The Effects of Cranberry Juice on Bacterial Adhesion
The study is based on the hypothesis that consumption of cranberry juice products results in the production of metabolites in the urine that have anti-adhesive properties on bacteria. A crossover study using 12 healthy women will be given different cranberry products or water as a control and their urine will be analyzed for anti-adhesive effects and compared to the properties of the urine. Cranberry juice will also be evaluated for its effect on vaginal microflora.
|Study Design:||Allocation: Randomized
Endpoint Classification: Efficacy Study
Intervention Model: Crossover Assignment
Masking: Single Blind (Subject)
Primary Purpose: Prevention
|Official Title:||The Effects of Cranberry Juice on Urine and Bacterial Adhesion to Cells|
- bacterial adhesion to tissue cells
- microbial population shifts in vaginal tract [ Designated as safety issue: No ]
|Study Start Date:||March 2006|
|Study Completion Date:||August 2006|
|Primary Completion Date:||August 2006 (Final data collection date for primary outcome measure)|
Hypothesis: Metabolites in cranberry juice, have anti-adhesive properties for uropathogenic bacteria but they do not disturb the normal vaginal flora.
Study design and assays:
A crossover study design using 12 healthy women will be conducted for 50 days. The anti-adhesive properties of the urine will be determined using uropathogens and changes in the vaginal microflora will be evaluated.
The subjects will be healthy premenopausal women aged 19-45, who have no history of chronic urinary tract infection or have had a urinary tract infection in the past 12 months, and are currently not taking antibiotics or any supplements to prevent UTI, including cranberry juice. The subjects must not have urinary tract abnormalities, requiring catheterization for micturition, be pregnant, or diabetic or have allergies to berry juices. Each test phase is 1 week (7 days) and the following protocol will be followed:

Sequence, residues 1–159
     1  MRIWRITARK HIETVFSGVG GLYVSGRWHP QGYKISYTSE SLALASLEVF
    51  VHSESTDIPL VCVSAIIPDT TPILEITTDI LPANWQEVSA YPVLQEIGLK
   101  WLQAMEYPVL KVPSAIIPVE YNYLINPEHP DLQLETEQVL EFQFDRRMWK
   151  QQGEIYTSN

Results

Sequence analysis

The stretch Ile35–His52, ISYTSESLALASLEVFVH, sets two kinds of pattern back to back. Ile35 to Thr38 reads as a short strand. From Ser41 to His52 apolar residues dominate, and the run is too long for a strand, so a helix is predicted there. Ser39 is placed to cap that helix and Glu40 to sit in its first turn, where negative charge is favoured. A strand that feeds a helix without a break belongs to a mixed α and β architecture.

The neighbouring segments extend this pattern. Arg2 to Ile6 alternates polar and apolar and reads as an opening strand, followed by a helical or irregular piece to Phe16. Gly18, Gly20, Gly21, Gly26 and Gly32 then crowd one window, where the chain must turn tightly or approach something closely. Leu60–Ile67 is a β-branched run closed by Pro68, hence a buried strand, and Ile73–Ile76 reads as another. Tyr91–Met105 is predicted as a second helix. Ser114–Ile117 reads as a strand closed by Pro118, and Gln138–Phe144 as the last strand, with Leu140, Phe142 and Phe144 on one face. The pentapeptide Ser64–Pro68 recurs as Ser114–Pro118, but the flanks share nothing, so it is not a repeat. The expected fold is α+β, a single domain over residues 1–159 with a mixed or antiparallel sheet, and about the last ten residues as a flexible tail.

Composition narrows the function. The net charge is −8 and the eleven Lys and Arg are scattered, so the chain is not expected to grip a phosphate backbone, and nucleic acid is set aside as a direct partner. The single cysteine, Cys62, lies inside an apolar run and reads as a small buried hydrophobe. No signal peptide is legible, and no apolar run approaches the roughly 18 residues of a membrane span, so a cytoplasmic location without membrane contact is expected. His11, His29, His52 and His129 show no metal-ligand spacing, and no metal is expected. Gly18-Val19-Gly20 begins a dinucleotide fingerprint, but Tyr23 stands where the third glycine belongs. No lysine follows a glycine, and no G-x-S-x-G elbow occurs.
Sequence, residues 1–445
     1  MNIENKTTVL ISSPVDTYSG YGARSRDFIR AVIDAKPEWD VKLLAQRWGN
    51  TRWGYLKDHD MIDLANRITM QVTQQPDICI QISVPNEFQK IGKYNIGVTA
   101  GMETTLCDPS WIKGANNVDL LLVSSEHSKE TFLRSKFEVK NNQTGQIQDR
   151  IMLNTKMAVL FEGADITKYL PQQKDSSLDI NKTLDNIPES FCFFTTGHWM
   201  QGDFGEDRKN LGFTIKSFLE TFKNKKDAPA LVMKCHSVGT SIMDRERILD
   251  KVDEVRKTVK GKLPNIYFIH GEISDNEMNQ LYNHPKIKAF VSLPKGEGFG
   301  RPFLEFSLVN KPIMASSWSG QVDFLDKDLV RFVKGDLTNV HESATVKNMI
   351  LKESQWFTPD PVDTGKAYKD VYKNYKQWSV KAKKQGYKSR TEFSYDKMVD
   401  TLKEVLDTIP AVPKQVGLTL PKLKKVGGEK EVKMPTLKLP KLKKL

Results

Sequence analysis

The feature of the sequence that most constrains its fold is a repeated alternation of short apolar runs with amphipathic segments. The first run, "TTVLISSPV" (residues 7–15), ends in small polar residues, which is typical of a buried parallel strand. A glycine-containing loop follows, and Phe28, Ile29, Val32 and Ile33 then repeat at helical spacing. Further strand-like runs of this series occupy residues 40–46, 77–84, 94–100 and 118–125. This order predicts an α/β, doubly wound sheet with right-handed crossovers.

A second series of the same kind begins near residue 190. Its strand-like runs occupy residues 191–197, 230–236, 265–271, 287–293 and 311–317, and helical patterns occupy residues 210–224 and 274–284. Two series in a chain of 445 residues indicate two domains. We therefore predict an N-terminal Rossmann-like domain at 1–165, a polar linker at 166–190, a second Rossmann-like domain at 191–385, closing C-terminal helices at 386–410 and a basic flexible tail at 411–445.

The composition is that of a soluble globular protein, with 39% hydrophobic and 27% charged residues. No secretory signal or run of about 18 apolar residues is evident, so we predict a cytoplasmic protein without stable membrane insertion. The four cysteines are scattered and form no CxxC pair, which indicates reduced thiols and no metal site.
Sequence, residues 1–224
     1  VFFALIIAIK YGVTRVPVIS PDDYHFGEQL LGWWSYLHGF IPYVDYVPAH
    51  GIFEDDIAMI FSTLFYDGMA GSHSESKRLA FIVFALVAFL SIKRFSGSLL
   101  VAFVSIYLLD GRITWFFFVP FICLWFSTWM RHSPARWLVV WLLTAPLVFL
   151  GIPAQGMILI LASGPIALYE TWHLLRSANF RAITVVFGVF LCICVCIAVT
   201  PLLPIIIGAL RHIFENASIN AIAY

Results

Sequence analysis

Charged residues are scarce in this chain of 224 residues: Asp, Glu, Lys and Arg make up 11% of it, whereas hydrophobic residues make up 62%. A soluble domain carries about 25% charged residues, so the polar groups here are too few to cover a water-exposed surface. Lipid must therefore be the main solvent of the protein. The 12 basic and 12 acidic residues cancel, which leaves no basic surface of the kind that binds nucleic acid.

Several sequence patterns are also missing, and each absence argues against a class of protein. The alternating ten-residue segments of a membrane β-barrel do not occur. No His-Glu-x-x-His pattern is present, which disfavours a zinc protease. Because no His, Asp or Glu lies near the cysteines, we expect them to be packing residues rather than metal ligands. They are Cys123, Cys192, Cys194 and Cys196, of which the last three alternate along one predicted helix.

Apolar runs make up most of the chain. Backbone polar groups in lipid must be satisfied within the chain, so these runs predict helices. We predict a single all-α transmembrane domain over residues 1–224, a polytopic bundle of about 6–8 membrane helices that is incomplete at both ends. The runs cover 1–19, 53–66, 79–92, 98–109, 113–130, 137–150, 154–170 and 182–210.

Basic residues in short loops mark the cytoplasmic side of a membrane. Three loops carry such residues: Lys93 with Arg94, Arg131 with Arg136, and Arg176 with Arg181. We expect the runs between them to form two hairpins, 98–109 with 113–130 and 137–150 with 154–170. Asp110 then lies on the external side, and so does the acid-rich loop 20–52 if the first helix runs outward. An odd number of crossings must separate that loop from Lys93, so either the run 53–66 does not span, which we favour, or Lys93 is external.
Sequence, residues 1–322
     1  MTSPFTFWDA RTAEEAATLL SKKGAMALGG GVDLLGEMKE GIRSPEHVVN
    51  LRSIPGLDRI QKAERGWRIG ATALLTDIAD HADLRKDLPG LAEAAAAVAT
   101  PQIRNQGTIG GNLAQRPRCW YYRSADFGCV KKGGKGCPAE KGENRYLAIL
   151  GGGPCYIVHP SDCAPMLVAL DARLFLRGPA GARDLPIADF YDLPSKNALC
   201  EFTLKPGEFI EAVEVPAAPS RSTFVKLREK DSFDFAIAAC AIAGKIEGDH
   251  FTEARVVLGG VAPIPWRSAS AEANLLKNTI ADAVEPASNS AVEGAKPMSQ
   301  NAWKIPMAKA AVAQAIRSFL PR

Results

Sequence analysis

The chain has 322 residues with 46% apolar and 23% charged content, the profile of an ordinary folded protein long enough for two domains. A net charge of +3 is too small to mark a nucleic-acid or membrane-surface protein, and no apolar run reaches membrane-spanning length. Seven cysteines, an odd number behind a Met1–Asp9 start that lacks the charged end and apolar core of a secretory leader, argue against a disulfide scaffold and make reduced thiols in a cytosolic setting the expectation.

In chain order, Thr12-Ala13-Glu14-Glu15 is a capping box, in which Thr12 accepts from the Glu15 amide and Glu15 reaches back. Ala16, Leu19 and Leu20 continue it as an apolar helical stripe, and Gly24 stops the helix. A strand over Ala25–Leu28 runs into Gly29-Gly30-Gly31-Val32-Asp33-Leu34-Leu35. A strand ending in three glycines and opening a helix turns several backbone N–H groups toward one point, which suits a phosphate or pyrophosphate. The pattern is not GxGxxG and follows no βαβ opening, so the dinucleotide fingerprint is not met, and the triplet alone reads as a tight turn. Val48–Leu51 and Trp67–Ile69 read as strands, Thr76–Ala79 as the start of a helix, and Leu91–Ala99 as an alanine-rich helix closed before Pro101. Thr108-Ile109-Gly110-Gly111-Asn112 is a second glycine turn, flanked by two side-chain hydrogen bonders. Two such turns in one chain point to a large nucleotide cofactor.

Subjects 1-3 Test phase I: water; washout phase Test phase II: cranberries; washout phase Test phase III: cranberry juice- 1/day; washout phase Test phase IV: cranberry juice- 2/day
4-6 Test phase I: cranberry juice- 2/day; washout phase Test phase II: water; washout phase Test phase III: cranberries; washout phase Test phase IV: cranberry juice- 1/day
7-9 Test phase I: cranberry juice- 1/day; washout phase Test phase II: cranberry juice- 2/day; washout phase Test phase III: water; washout phase Test phase IV: cranberries
10-12 Test phase I: cranberries; washout phase Test phase II: cranberry juice- 1/day; washout phase Test phase III: cranberry juice- 2/day; washout phase Test phase IV: water
During the washout period, the subjects will return to their normal diet with no added beverage or food, although again no cranberry juice can be consumed. The beverages/food to be taken for the 7 day phases comprise:
- Water - Control group
- Cranberry juice 1/day
- Cranberry juice 2/day
- Cranberries (dried)
Regime and sampling:
A mid stream urine sample will be collected to evaluate the anti-adhesive effects of the various treatments.
Mid stream urine will also be collected to evaluate anti-adhesive properties of the urine, and determine if changes occur following washout.
A 24 h urine will be collected after 3-4 days of each phase for urinalysis.
Vaginal swabs will be collected to determine the effect, if any, of the foods on the composition of the vaginal microflora.
Please refer to this study by its ClinicalTrials.gov identifier: NCT00318253
|Principal Investigator:||Gregor Reid, PhD, MBA||The Lawson Health Research Institute and The University of Western Ontario|